27 September 2023

Point of difference: What the very best leaders do differently

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Sonia McDonald* lists five things the best leaders do differently that drive their teams to success.

I recently delivered a leadership workshop with 30 participants.

It was a little larger than I would normally work with, but the Human Resources Director really wanted as many senior leaders in the room as possible.

The day encompassed our key themes around leadership being an attitude, action and choice.

We looked at the importance of kindness, courage and inclusiveness in leadership, which we explored at length.

We also looked at what makes a leader and why great and poor leadership can impact us.

During the day I had several emotional people in the room truly get the importance of the actions and attitudes of leadership.

In this article I want to explore other things leaders or ‘bosses’ do differently other than being kind, courageous and inclusive.

When you ask someone who’s unhappy at work what’s causing their dissatisfaction, the answer is often their boss.

The way our bosses interact with us has a massive influence on our work ethic, our mood, and even other aspects of our lives.

Bad bosses and leaders can really impact your business and organisation.

The vast majority of managers don’t set out to intentionally make their staffs’ lives miserable, of course, but that doesn’t excuse it.

Poor leadership is poor leadership, no matter at what end of the scale.

Even if you’re not shouting and being mean, you’re still doing a disservice to your team and yourself if you’re not actively working to be a better leader.

It all comes down to leadership; we know that the ‘best’ bosses get the most out of their staff and make them happier, but how do they do it?

I’m going to share with you five things great bosses do that keep their staff happy and enjoying their work.

Are you a leader? If so, are you doing these five things?

Treat your staff like the individuals they are.

While older styles of leadership look at managing people as a group, this does nothing for keeping employees satisfied.

When you don’t get to know those on your team individually, discovering their learning styles, skills, goals, abilities and interests, you can’t customise the way you interact with them.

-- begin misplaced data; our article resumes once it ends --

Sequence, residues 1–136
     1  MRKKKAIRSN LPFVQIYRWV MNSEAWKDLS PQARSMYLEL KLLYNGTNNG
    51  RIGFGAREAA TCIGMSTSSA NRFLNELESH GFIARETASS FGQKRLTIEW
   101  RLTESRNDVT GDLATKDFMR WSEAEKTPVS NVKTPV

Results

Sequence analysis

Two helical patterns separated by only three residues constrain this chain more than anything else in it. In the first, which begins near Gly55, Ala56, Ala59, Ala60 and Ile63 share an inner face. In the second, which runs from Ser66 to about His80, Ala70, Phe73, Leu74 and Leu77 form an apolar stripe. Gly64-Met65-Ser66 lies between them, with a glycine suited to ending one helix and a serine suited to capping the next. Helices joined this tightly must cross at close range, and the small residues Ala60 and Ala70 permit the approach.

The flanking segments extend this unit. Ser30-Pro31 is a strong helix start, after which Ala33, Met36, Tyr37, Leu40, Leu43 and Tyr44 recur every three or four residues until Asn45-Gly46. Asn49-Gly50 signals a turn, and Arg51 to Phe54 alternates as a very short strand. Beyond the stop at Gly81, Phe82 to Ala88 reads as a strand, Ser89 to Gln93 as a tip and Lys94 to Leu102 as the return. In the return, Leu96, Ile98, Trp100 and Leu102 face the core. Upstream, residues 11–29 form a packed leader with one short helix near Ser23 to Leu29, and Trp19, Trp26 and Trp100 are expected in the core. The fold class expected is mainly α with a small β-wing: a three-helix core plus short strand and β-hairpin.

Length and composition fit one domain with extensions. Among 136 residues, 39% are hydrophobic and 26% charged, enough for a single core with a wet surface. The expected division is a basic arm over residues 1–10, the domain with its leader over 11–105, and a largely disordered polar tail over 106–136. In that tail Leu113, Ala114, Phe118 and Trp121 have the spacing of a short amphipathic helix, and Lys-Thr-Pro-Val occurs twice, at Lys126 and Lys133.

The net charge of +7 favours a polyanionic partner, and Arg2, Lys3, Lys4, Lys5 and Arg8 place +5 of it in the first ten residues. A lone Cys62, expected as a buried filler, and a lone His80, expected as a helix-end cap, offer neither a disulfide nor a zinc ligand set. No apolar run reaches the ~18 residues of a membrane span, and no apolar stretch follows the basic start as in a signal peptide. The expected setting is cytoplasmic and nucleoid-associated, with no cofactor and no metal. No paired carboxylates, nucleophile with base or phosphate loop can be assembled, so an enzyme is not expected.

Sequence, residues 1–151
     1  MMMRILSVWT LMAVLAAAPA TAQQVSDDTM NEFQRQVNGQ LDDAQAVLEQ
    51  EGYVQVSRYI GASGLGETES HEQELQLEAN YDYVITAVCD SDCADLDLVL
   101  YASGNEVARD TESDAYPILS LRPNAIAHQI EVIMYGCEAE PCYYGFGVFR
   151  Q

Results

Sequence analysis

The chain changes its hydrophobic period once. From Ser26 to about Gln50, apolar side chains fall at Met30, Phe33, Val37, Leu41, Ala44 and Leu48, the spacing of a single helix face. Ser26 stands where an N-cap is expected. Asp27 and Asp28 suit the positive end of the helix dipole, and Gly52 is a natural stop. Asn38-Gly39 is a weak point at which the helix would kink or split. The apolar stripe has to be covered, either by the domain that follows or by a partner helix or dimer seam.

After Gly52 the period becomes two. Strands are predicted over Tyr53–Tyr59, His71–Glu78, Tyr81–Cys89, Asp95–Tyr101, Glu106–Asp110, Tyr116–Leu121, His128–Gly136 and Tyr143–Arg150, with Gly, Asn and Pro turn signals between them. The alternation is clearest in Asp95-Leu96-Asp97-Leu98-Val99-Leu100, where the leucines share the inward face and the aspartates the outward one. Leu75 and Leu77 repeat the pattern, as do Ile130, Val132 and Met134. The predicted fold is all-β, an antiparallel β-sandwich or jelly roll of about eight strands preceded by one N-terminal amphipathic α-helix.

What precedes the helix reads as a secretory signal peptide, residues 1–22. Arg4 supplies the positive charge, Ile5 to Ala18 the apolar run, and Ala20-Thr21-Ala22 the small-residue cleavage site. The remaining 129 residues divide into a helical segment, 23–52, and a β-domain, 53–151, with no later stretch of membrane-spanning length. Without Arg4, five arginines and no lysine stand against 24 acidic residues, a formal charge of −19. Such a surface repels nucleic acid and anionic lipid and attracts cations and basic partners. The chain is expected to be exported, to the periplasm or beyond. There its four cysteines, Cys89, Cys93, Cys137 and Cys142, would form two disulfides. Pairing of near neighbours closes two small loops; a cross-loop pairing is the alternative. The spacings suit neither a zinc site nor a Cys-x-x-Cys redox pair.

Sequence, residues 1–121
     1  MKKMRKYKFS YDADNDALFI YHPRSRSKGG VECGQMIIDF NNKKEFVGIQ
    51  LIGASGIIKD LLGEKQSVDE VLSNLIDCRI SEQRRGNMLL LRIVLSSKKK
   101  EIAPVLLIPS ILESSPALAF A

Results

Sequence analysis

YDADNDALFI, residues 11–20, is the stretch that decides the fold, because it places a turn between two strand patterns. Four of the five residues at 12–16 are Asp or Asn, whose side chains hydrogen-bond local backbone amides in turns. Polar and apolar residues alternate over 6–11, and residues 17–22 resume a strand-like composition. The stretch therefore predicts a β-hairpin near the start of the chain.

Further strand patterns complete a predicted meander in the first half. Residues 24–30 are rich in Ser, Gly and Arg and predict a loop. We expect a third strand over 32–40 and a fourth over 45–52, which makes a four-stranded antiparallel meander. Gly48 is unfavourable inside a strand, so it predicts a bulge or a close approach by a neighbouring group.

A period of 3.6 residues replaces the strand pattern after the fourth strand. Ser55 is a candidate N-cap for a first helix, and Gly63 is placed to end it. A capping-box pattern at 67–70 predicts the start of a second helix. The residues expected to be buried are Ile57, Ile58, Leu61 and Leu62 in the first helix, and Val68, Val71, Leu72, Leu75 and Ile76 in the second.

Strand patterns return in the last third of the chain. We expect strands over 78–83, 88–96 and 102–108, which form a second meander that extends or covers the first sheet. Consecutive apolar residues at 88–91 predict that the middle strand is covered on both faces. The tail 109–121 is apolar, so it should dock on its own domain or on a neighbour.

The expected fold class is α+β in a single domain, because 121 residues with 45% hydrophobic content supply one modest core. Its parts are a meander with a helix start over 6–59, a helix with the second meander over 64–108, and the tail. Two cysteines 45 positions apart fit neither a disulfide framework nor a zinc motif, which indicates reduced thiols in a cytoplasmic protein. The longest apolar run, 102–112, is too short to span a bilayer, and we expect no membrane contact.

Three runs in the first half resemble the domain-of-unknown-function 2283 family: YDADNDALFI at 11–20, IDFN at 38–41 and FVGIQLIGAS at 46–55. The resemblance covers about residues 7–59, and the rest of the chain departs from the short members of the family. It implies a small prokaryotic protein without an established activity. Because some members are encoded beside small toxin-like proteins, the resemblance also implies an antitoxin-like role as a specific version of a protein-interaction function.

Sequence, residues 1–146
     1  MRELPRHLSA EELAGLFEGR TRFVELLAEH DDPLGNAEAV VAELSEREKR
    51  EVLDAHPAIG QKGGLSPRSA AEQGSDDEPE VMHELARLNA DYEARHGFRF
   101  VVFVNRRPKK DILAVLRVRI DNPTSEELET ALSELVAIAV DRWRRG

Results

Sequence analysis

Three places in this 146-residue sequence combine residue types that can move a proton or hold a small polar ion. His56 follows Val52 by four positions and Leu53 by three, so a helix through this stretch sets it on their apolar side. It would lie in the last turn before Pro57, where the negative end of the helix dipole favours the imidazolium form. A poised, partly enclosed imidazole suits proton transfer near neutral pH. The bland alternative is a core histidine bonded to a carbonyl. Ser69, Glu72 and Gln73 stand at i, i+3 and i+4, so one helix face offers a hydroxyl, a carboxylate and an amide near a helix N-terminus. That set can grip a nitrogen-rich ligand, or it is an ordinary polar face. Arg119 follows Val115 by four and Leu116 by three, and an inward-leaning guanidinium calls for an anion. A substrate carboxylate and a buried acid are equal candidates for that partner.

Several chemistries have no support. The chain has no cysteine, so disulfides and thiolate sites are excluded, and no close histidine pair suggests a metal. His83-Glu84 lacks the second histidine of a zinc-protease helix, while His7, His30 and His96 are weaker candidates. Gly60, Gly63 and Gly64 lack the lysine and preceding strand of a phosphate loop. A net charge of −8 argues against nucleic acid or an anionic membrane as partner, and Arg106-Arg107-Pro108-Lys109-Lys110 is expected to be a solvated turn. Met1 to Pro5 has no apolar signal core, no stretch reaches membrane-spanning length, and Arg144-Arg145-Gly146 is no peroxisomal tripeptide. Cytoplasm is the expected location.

This personalisation is the key to helping your team members achieve their goals and feel more valued and respected.

Push the purpose.

If your people don’t know what they’re working towards, or what the end goal is, their enthusiasm is quickly going to wane.

Your organisation should have a clearly defined mission and purpose, and as a manager, it is your job to convey this to your team, and inspire them to achieve it.

A clearly defined purpose, giving their work meaning, is what drives engagement in a workplace.

It also shows your team that you believe it’s capable of achieving the mission, empowering it to do just that.

Regularly give personalised feedback.

When you’re only giving your team members annual performance reviews, you’re not allowing them enough opportunities to actually better themselves.

Feedback doesn’t have to be as formal as the traditional yearly performance review.

Even organising a weekly ‘catch-up’ with each team member will be incredibly valuable to their development.

Regular coaching is crucial to demonstrating to your staff that you’re invested in their growth, making them feel valued.

Feedback should always be constructive and honest, and presented in a way that shows the opportunity rather than the negative.

Encourage collaboration and discussion by listening.

When team members feel that they can’t contribute their thoughts and ideas, they tend to shut down and lose enthusiasm for their role.

As a boss, you need to provide direction — but that doesn’t mean imposing your own ideas and views without allowing for input.

Listening is one of the best ways to make your team feel happy and valued.

Encourage them to discuss and collaborate, and be sure to really listen to what they have to say.

Be consistent in your leadership style.

Would you be happy if your manager was unpredictable in their leadership style? If you didn’t know how they were going to act on any given day?

Probably not: That’s why it’s important that above all, you’re consistent in your leadership.

Change is inevitable, of course, but as long as you quickly embrace it and acknowledge it, you can make it your new normal.

Satisfaction is never guaranteed, but you have the best chance when you do the above.

Sometimes, no matter what you do, a person isn’t the right fit for your organisation, or there may be another reason why they aren’t satisfied in their position.

The things I outlined in this blog are practices that will drive your employees to be happier, more productive and more engaged.

When you break them down, they all come from a base of being attentive to each team member individually.

Be consistent, champion your organisation’s purpose, give regular feedback and really listen to your staff.

None of this is easy, but it’s what the best bosses do.

*Sonia McDonald is the Chief Executive and founder of Brisbane-based LeadershipHQ and McDonald Inc. She can be contacted at soniamcdonald.com.au.

This article first appeared on LinkedIn.

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